30 years ago this month, December 1982, I sat down at my first personal computer, a KayPro II, and started learning word processing, spreadsheets, databases, and something called an operating system (in this case CP/M). I got my first book contract 5 years later, in other words, 25 years ago this year. Within 5 years I had written a dozen books on word processing, spreadsheets, and database management. In 1992, my first book on computer security came out, so 2012 is the 20th anniversary of that event.
Mine was not the first book on computer security, but I think it was the first book to address personal computer security in a comprehensive manner, from physical security to power supply, anti-theft to antivirus, risk assessment to contingency planning. Previous computer security books had been written for previous generations of computers, mainframes and minis. I looked at things from a desktop and portable computer perspective and provided a blueprint of what the "layered defense" of a personal computer system might look like.
[caption id="" align="alignright" width="380" caption="Company photo of KayPro II (from the delightful "Obsolete Technology Website" at www.oldcomputers.net)"][/caption]
BTW, my first computer, that KayPro II, was a "portable" computer. (Yes, it weighed 26 pounds, but the keyboard could be fastened across the 9 inch screen and the unit could be carried using a built in handle.) The KayPro II enjoyed an anniversary this year as well: it was introduced in 1982. Fun fact: There was no KayPro 1. The name KayPro II was used to one-up its main rival, the Osborne 1.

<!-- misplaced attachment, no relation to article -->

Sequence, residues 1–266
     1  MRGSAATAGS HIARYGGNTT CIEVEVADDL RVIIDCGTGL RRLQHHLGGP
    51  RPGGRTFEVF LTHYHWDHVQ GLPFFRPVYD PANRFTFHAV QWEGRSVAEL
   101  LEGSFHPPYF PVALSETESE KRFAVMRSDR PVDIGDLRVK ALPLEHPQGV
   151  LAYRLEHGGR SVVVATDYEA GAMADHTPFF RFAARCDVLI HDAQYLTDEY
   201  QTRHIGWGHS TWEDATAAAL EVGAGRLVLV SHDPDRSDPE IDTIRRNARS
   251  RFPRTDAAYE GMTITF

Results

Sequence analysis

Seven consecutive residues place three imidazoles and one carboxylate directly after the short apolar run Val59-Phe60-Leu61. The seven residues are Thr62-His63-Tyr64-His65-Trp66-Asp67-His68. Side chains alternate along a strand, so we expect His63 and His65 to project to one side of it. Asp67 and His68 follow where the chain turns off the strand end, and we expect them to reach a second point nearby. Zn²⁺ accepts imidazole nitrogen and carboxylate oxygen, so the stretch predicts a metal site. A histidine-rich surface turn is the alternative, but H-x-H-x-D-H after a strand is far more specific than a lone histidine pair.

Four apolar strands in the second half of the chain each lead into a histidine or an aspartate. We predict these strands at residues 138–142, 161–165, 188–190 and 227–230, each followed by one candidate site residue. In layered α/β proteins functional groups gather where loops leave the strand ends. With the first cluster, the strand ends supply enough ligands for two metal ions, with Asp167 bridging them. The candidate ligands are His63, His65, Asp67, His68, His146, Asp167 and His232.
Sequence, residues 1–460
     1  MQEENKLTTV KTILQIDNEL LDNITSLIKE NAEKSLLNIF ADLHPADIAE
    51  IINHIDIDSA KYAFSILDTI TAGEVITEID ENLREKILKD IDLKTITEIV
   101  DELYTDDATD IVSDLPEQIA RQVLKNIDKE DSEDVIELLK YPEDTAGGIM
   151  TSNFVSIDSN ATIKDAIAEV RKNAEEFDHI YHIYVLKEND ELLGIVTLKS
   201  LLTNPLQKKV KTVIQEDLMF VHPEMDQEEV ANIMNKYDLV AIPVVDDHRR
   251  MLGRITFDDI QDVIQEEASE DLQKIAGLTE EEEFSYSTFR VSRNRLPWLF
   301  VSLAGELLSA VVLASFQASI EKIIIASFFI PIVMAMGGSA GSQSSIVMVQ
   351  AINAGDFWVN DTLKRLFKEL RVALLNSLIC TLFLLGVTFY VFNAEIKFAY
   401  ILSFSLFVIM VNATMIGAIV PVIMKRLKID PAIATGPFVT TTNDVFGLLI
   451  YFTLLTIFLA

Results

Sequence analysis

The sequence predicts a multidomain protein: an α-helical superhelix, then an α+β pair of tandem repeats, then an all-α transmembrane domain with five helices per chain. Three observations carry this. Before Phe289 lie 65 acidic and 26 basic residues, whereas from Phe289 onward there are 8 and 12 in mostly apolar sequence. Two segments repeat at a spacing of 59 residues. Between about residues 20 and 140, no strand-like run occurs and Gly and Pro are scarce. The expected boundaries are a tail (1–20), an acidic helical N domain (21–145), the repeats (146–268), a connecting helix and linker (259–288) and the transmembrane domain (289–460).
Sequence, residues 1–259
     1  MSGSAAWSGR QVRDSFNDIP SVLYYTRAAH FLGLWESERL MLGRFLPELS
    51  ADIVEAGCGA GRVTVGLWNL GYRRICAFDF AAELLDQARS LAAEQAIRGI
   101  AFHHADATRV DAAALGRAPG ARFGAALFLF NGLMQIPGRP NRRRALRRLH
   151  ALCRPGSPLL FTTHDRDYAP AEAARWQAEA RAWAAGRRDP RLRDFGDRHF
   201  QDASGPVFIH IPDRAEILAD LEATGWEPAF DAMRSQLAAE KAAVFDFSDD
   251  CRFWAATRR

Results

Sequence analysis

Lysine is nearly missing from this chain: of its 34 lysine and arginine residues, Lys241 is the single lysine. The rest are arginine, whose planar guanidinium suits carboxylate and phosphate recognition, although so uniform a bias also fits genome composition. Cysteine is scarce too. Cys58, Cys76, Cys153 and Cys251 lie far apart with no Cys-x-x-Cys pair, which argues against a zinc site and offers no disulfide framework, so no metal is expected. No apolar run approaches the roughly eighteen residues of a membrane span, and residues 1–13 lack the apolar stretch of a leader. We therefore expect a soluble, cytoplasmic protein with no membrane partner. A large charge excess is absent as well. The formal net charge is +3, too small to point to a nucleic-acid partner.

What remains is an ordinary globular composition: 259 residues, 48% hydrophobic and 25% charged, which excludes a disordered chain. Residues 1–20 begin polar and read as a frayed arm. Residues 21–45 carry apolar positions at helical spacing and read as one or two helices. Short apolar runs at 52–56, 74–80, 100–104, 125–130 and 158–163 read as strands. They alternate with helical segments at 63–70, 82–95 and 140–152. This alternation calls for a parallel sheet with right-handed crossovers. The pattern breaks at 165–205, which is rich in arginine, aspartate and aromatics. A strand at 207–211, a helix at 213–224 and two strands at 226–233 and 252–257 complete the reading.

Another fun fact is that the KayPro was built in San Diego, which is where I live these days. The original manufacturer was a company called Non-Linear Systems, founded by Alan Kay, who also founded the Rotary club of Del Mar in San Diego County. And to return to the theme of anniversaries, the company that brought me to San Diego, ESET, had two anniversaries of its own this year. The founders of ESET created their first antivirus technology 25 years ago and the company was founded 20 years ago.
To round out this roundup of 2012 anniversaries, the twentieth DEF CON was held this past summer. The now legendary hacker conference/convention first happened in 1993 and was called, logically enough: DEF CON I. My first DEF CON was DEF CON III in 1995. I was invited to speak and had a great time doing so. It was a pleasure to return in 2012 and see so many friends, despite the huge crowds.
Finally, 2012 marks 10 years since I published my book on privacy: Privacy for Business, a modest attempt to provide businesses with a primer on digital privacy issues. While some of the information in the later chapters is a bit dated, the principles covered in the early chapters still apply and you are free to download a PDF of the book. Again, I was not the first person to write a book on privacy in the digital age, but I think it is fair to say that I was one of the first people in computer security to signal the huge impact that privacy concerns would have on the evolution of security. I certainly enjoyed the time I spent in the early days of HIPAA and GLB and such, educating privacy people about security and security people about privacy.
I have also enjoyed the symmetry and happy coincidence of so many anniversaries this year but it is now time to say goodbye to 2012, a year of milestones remembered, and look forward to what the next 10, 20, 25 and 30 year markers may bring.